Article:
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Genetic algorithms (GA) and genetic programming (GP) are interesting areas of research.

I'd like to know about specific problems you have solved using GA/GP and what libraries/frameworks you used if you didn't roll your own.


  • What problems have you used GA/GP to solve?
  • What libraries/frameworks did you use?

I'm looking for first-hand experiences, so please do not answer unless you have that.

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closed as not constructive by casperOne Feb 10 '12 at 4:05

As it currently stands, this question is not a good fit for our Q&A format. We expect answers to be supported by facts, references, or expertise, but this question will likely solicit debate, arguments, polling, or extended discussion. If you feel that this question can be improved and possibly reopened, visit the help center for guidance.If this question can be reworded to fit the rules in the help center, please edit the question.

@Jason: Thanks for suggesting that Google thing. While it appears to be somewhat useful I fail to see how it could answer this question since it is specifically addressing SO-users with GA/GP-experience. –  knorv Oct 8 '09 at 14:52
"We expect answers to be supported by ... specific expertise...." Check! "[T]his question will likely solicit debate, arguments, polling, or extended discussion." False. There are many answers, but it's not a poll and there aren't a lot of comments or debate in the comments. Why was this closed? –  Adrian McCarthy Dec 5 '12 at 17:43

36 Answers 36

up vote 81 down vote accepted

Not homework.

My first job as a professional programmer (1995) was writing a genetic-algorithm based automated trading system for S&P500 futures. The application was written in Visual Basic 3 [!] and I have no idea how I did anything back then, since VB3 didn't even have classes.

The application started with a population of randomly-generated fixed-length strings (the "gene" part), each of which corresponded to a specific shape in the minute-by-minute price data of the S&P500 futures, as well as a specific order (buy or sell) and stop-loss and stop-profit amounts. Each string (or "gene") had its profit performance evaluated by a run through 3 years of historical data; whenever the specified "shape" matched the historical data, I assumed the corresponding buy or sell order and evaluated the trade's result. I added the caveat that each gene started with a fixed amount of money and could thus potentially go broke and be removed from the gene pool entirely.

After each evaluation of a population, the survivors were cross-bred randomly (by just mixing bits from two parents), with the likelihood of a gene being selected as a parent being proportional to the profit it produced. I also added the possibility of point mutations to spice things up a bit. After a few hundred generations of this, I ended up with a population of genes that could turn $5000 into an average of about $10000 with no chance of death/brokeness (on the historical data, of course).

Unfortunately, I never got the chance to use this system live, since my boss lost close to $100,000 in less than 3 months trading the traditional way, and he lost his willingness to continue with the project. In retrospect, I think the system would have made huge profits - not because I was necessarily doing anything right, but because the population of genes that I produced happened to be biased towards buy orders (as opposed to sell orders) by about a 5:1 ratio. And as we know with our 20/20 hindsight, the market went up a bit after 1995.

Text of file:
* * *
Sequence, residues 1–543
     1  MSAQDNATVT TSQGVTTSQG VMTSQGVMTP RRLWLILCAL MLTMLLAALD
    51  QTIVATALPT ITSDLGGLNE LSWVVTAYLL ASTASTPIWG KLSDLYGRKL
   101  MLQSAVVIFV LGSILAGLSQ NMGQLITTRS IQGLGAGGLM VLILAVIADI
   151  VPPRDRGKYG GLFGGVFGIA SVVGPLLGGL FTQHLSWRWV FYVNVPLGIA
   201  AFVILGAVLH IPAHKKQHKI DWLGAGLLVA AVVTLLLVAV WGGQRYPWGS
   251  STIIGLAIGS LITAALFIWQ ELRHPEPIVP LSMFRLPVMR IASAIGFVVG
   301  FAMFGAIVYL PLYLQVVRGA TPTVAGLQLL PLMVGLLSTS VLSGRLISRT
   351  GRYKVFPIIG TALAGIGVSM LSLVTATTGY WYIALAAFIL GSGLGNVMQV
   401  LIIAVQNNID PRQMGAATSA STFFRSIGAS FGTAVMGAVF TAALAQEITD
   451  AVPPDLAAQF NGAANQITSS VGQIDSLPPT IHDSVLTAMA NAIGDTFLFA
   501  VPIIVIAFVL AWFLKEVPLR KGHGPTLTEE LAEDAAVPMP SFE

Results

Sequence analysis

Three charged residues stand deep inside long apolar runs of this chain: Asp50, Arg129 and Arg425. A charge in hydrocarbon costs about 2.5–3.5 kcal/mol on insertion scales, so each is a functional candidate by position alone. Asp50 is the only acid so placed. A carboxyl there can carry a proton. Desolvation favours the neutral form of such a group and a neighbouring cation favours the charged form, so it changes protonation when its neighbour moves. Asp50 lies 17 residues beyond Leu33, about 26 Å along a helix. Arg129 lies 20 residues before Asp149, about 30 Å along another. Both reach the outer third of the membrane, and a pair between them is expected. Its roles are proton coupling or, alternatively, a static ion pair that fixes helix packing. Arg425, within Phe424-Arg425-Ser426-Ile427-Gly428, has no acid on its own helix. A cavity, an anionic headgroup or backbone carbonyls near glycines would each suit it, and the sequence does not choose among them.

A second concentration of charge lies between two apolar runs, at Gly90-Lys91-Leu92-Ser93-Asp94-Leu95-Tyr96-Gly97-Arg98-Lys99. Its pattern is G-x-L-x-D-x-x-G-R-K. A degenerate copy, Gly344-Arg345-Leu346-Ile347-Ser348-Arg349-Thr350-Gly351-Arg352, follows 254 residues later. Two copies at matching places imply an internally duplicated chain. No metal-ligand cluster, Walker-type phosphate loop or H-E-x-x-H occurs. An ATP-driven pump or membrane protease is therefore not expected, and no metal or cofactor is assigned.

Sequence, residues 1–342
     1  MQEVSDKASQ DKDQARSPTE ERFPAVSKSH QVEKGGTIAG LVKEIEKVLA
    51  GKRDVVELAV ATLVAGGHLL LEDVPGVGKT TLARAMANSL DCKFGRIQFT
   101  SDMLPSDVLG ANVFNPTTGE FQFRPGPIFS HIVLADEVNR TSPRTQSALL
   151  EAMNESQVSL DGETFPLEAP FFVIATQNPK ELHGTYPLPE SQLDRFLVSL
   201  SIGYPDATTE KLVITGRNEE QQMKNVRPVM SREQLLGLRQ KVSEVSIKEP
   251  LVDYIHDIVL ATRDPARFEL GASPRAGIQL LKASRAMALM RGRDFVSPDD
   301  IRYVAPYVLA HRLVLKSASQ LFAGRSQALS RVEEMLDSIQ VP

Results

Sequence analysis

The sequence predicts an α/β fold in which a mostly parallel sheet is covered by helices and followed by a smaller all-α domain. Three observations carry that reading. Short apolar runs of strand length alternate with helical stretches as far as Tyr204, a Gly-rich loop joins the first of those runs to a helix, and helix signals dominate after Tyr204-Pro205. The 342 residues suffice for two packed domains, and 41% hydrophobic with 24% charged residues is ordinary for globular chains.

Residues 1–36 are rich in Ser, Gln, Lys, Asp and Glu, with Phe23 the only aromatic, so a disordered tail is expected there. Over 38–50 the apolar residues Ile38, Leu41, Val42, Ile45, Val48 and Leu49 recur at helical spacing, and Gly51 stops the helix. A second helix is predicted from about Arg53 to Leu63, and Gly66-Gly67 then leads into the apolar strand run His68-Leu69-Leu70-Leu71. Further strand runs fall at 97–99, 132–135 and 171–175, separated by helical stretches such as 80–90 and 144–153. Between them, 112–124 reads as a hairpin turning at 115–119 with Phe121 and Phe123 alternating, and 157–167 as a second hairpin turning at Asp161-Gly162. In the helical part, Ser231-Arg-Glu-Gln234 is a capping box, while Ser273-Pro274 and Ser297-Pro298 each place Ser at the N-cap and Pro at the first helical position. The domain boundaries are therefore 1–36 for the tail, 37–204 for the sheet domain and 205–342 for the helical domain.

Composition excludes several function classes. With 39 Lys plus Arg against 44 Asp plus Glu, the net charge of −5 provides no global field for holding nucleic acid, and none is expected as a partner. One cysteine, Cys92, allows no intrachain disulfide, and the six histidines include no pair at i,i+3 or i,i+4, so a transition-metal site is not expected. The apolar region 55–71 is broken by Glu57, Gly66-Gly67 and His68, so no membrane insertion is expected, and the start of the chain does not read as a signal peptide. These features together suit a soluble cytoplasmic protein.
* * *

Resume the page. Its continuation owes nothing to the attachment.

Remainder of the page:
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"I think the system would have made huge profits" - yes I bet it worked perfectly in the backtesting environment ;-) –  Joel Sep 11 '10 at 8:41
@Joel: of course it did, but that's not why I think it would have been profitable. It would have made money because of the heavy bias towards buying instead of selling. A system that just bought S&P500 futures at random times between 1995 and 1999 (without any kind of GA nonsense going on) would have made tons of money, but we only know this in retrospect. –  MusiGenesis Sep 11 '10 at 12:09
Joel was probably referring to "overfitting". –  Eric Normand Sep 11 '10 at 14:38
You need to reserve a bit of your historical data for testing. Best to do cross-fold validation. –  Eric Normand Sep 11 '10 at 15:27

I don't know if homework counts...

During my studies we rolled our own program to solve the Traveling Salesman problem.

The idea was to make a comparison on several criteria (difficulty to map the problem, performance, etc) and we also used other techniques such as Simulated annealing.

It worked pretty well, but it took us a while to understand how to do the 'reproduction' phase correctly: modeling the problem at hand into something suitable for Genetic programming really struck me as the hardest part...

It was an interesting course since we also dabbled with neural networks and the like.

I'd like to know if anyone used this kind of programming in 'production' code.

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As well as some of the common problems, like the Travelling Salesman and a variation on Roger Alsing's Mona Lisa program, I've also written an evolutionary Sudoku solver (which required a bit more original thought on my part, rather than just re-implementing somebody else's idea). There are more reliable algorithms for solving Sudokus but the evolutionary approach works fairly well.

In the last few days I've been playing around with an evolutionary program to find "cold decks" for poker after seeing this article on Reddit. It's not quite satisfactory at the moment but I think I can improve it.

I have my own framework that I use for evolutionary algorithms.

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Its often difficult to get an exact color combination when you are planning to paint your house. Often, you have some color in mind, but it is not one of the colors, the vendor shows you.